She will die less than a year later.

It’s been only a few weeks since the elderly lady with the memorable smile was diagnosed with cancer. A friend of mine, a man in his early eighties, calls for an appointment because he’s having pain on the left side of his tongue.

The lesion looks like a laceration, but I cannot find the cause. It’s possible that he cut the underside of his tongue on his denture clasp, I reason. I send the prosthesis out to have the clasp repaired. I give it back to the patient and ask him to return in one week. He is a cigar smoker, and I pray.

My friend returns the following week, but the lesion persists. I phone the surgeon.

“Joe, I’m referring another patient to you for a biopsy. The lesion is on the right lateral ventral tongue. I believe it has a high probability of being a carcinoma.”

“Now you’re seeing them everywhere,” Joe chides. “That sometimes happens after your first cancer diagnosis; you get too cautious.”

“I hope you’re right,” I retort. “This guy is a friend of mine. I’ve known him all my life. I’d appreciate it if you would see him as soon as possible.”

“OK, have him call my office. I’ll get him in this week.”

The following week my receptionist says, “The surgeon is on the phone. Can you speak with him now?”

“Yes,” I reply. Leaving my current patient still supine, with cotton in his mouth, in my assistant’s care, I go to take Joe’s call.

“Well, it looks like you found another one,” he says. “I biopsied it. We’ll know for sure in about a week. I told them to rush it.”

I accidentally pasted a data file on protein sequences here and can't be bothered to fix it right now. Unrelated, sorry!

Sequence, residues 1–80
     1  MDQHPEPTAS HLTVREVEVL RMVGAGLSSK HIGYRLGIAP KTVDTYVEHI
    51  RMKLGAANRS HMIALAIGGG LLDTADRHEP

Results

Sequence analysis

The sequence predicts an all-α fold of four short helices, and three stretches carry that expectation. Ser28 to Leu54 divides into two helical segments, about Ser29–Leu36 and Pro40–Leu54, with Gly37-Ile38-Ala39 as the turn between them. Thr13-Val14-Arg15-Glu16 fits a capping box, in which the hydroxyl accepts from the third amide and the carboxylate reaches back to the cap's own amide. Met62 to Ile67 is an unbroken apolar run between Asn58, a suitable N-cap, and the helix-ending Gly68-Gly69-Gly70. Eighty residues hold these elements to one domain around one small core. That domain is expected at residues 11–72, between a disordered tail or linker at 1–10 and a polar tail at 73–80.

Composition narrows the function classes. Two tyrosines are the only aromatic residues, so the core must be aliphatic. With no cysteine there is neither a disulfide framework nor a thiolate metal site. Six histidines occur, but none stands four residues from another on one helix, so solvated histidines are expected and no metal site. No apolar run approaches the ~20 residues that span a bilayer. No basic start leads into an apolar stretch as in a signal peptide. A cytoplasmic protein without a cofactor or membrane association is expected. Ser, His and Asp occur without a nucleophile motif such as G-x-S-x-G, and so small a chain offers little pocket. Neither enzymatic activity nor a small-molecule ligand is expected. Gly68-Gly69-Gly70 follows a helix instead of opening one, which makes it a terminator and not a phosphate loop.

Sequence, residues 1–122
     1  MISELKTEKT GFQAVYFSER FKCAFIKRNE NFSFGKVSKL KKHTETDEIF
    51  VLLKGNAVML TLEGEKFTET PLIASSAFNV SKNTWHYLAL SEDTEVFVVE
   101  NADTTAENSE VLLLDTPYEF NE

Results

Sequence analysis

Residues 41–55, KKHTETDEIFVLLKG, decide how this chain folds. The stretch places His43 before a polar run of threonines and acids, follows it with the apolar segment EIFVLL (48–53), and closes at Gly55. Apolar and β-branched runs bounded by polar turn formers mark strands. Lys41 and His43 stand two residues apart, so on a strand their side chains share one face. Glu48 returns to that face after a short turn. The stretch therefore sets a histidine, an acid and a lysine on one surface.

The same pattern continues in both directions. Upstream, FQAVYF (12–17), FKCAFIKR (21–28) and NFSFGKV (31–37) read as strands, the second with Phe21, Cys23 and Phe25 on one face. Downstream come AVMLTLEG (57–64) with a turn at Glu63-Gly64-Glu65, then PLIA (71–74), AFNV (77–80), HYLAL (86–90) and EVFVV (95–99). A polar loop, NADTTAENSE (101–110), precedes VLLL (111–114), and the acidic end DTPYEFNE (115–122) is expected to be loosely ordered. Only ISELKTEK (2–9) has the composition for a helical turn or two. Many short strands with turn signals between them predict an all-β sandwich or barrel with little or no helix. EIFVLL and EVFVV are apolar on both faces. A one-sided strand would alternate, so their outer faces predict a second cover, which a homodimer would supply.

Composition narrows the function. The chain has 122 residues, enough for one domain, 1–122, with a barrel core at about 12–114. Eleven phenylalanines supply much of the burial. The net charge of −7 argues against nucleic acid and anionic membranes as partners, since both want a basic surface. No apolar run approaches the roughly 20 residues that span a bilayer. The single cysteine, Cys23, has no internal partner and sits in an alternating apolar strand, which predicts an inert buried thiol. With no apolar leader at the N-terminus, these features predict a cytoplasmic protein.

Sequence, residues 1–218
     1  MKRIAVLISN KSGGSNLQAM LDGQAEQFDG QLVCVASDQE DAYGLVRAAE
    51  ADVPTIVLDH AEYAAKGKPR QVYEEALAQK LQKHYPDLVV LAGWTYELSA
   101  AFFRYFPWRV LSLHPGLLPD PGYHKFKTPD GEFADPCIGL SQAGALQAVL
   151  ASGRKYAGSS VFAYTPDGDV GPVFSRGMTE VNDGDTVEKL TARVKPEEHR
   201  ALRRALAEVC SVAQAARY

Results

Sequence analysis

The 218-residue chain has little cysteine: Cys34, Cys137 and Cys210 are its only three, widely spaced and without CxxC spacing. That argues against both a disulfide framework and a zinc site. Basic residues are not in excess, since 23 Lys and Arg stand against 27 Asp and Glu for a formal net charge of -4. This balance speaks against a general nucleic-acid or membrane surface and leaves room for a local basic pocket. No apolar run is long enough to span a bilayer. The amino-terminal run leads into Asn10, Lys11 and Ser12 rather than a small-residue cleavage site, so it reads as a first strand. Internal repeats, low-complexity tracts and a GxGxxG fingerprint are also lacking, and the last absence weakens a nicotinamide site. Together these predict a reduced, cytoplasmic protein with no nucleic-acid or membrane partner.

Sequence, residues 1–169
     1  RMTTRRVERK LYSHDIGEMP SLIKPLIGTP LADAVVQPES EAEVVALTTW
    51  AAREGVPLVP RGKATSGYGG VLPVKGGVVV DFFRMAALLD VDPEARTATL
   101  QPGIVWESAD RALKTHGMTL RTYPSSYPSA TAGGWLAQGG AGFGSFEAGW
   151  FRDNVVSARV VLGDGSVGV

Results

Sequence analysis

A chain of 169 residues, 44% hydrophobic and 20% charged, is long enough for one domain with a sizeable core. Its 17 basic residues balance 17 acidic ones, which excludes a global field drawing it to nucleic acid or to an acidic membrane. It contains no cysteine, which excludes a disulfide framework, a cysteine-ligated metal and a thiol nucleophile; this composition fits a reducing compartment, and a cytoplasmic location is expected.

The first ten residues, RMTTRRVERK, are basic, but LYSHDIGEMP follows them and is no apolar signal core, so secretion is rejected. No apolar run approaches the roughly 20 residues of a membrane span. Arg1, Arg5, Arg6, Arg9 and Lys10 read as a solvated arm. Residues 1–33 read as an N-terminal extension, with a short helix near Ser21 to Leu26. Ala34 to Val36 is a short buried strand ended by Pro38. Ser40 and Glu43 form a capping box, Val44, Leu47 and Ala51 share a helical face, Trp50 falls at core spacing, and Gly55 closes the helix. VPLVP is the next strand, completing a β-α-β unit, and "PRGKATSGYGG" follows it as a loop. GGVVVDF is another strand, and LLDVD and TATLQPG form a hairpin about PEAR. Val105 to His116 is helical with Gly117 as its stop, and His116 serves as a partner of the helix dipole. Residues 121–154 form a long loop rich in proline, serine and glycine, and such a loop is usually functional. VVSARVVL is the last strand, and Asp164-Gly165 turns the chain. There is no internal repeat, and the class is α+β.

Once, as a dental student, I preferred to be silent rather than incorrect. Now, being incorrect would suit me just fine. But the lesion indeed turns out to be malignant, and my friend, who was gregarious and outgoing, becomes sullen and despondent. He passes away nine months later.

His ordeal and death affect all who knew him. For his loved ones, the world is now a different place. At his widow’s request, I arrange the funeral and even choose the casket.

Yes, my differential diagnosis was correct. Dr. Steele would have been proud, I’m sure. But I feel no sense of vindication.


I am now in my sixties.

Dr. Steele taught me to examine lesions carefully and to look closely for even the smallest signs. But years of practice have taught me to observe more broadly as well. As a consequence, I’ve learned some things that apply to all malignancies; namely, that they are always attached to someone, and that, interestingly–and contrary to what I was told as a student–they are contagious. I have seen them sicken not only my patients but also the lives of their loved ones.

I no longer see the ability to diagnose cancer as an opportunity for self-congratulation. It has become a necessary evil.

And now when I see a suspicious lesion, my first thought is, How many lives will this change?

Dominic Donato is a retired general dentist. This article was originally published in Pulse — voices from the heart of medicine, and is reprinted with permission.